B. Knowng Whether Products Work As Intended
We are concerned that H.R. 746 would significantly diminish incentives for practitioners and manufacturers to gather data on whether products are effective for their intended use. Based on substantial scientific experience, it is critical to obtain data on specific uses of products and to analyze those data so that we can know if a product will work as intended. Encainide and flecainide are two drugs that unfortunately illustrate this point quite dramatically. These drugs were approved by FDA only for the treatment of serious, potentially fatal, abnormal heart rhythms or rhythms that were severely symptomatic. The labeling for the drugs specifically warned that effectiveness and safety were not established for people with recent heart attacks. These drugs appeared to be safe and effective anti-arrhythmia drugs, and therefore, many physicians prescribed them for recovering heart attack victims with mild, non-symptomatic rhythm abnormalities, hoping to lower their risk of sudden death (which is increased in people with mild heart rhythm abnormalities). This practice came to an abrupt halt when a large clinical trial sponsored by the NIH found that these drugs, while effectively suppressing the abnormal rhythm, were actually killing heart attack victims, not helping them. Encainide and flecainide increased the sudden death rate in recovering heart attack patients by two and one-half fold.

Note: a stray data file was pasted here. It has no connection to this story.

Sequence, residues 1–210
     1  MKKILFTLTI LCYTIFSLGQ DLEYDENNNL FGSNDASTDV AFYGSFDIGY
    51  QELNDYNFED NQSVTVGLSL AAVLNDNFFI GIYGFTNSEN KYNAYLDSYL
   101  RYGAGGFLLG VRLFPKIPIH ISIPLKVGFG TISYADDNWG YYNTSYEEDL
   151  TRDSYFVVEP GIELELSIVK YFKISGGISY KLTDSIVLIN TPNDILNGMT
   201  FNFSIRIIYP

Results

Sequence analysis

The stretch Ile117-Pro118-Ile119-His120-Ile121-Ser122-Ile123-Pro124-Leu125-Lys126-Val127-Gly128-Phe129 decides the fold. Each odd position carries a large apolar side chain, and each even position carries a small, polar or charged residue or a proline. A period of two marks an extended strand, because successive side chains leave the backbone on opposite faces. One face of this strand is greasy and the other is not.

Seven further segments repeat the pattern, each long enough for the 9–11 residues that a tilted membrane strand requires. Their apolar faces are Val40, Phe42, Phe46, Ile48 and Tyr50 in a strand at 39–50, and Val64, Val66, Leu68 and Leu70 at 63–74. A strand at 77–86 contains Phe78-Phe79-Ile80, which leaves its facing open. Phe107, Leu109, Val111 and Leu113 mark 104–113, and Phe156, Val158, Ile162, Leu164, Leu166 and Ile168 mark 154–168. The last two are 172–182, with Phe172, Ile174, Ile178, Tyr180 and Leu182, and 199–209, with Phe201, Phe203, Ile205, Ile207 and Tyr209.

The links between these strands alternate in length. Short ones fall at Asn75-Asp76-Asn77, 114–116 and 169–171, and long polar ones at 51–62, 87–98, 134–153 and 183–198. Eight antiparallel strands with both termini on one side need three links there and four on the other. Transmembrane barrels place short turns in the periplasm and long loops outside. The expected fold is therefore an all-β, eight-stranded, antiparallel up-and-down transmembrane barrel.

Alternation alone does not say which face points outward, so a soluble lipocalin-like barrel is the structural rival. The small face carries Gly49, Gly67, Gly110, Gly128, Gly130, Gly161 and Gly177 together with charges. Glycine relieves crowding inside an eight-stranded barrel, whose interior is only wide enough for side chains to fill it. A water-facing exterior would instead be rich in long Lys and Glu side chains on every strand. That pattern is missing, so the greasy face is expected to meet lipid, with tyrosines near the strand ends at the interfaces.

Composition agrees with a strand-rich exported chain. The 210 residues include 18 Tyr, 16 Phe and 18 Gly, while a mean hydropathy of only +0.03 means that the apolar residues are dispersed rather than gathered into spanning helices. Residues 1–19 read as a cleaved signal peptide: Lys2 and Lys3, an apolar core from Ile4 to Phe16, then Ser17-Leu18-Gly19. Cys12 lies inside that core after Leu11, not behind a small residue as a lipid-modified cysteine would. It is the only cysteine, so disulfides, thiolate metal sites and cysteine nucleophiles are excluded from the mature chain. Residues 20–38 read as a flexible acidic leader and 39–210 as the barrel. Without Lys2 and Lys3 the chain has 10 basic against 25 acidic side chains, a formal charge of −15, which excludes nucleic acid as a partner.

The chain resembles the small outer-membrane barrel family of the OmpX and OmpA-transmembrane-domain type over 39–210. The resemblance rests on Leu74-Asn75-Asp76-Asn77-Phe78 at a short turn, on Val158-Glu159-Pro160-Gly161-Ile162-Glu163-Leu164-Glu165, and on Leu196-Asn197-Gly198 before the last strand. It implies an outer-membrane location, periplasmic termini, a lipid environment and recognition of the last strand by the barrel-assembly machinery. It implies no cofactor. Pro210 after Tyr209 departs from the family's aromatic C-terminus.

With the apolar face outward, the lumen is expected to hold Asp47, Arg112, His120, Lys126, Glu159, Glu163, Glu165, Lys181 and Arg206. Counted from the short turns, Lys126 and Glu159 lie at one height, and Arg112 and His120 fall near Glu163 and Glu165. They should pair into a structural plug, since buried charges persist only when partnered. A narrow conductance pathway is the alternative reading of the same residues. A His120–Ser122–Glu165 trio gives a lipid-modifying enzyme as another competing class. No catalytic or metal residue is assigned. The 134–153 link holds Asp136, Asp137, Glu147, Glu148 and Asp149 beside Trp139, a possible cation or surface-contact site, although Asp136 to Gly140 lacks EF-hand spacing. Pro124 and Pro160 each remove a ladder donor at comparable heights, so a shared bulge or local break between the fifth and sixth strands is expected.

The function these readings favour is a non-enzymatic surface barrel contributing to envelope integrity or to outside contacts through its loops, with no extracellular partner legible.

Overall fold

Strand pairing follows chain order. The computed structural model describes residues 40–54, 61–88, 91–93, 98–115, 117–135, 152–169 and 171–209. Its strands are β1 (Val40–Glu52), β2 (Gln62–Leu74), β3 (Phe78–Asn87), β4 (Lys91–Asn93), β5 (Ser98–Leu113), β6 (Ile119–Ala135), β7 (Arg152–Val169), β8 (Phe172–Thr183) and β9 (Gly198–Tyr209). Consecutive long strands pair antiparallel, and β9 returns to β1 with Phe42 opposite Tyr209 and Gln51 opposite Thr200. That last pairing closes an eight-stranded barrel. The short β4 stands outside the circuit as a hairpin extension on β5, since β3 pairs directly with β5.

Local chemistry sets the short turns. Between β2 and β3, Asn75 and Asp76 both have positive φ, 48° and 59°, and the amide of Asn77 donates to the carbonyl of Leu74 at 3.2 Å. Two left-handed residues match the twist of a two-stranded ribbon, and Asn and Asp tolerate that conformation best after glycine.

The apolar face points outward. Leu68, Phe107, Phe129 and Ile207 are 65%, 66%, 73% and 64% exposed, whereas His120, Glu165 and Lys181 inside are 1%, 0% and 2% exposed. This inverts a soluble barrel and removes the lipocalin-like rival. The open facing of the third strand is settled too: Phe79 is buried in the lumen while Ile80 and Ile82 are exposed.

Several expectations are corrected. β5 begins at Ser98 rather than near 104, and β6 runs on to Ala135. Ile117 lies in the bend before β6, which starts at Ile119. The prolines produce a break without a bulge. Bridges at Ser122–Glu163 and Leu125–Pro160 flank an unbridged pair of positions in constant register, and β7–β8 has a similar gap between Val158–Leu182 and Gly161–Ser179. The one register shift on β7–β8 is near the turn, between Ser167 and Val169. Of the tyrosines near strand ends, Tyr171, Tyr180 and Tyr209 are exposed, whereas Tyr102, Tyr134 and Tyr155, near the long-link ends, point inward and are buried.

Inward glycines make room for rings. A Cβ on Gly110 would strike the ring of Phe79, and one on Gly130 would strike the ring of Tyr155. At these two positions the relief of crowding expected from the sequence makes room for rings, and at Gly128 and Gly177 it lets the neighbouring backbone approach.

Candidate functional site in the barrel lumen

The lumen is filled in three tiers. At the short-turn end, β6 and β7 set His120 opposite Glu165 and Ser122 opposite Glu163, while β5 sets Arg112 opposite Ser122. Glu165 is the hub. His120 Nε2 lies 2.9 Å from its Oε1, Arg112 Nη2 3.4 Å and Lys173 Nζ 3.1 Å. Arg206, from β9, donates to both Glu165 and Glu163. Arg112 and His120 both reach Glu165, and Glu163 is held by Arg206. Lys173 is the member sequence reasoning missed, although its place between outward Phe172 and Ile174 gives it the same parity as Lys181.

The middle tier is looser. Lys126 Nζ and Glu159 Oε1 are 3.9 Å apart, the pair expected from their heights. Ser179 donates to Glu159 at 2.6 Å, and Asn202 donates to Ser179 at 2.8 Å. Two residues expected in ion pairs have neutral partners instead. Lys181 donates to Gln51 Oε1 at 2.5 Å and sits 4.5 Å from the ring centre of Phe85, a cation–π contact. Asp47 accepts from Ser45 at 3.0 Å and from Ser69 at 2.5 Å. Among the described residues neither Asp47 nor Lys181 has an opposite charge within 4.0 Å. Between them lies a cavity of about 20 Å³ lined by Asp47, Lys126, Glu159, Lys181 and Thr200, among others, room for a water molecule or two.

We are concerned that H.R. 746 would significantly diminish incentives for practitioners and manufacturers to gather data on whether products are effective for their intended use. Based on substantial scientific experience, it is critical to obtain data on specific uses of products and to analyze those data so that we can know if a product will work as intended. We do not believe that the bill's labeling and advertising restrictions are adequate to assure patients will not be misled into accepting unsafe and/or ineffective treatments. From FDA's experience, advertising, as discussed in H.R. 746, is not necessary to achieve wide use of a medical treatment. We know that widespread use of medical products or treatments by health care practitioners is not dependent on “advertising” claims, but can occur simply through professional meetings, seminars, conventions, articles, and word-of-mouth communications. Information technology, such as the Internet, have increased the speed and volume of such informal communication many fold. Moreover, FDA has found that often seemingly independent seminars, conventions, and press conferences have, in fact, been sponsored by the companies whose medical products were discussed at the meetings.
Further, by allowing for the informal marketing of treatments without any evaluation, this bill actually creates a disincentive to testing. In fact, under the definition of “seller,” H.R. 746 specifically excludes the health care practitioner who receives payment for a treatment. Allowing wide dissemination of a treatment and subsequent widespread use combined with little accountability or liability, significantly reduces the incentive for manufacturers and health care practitioners to conduct studies of safety and effectiveness.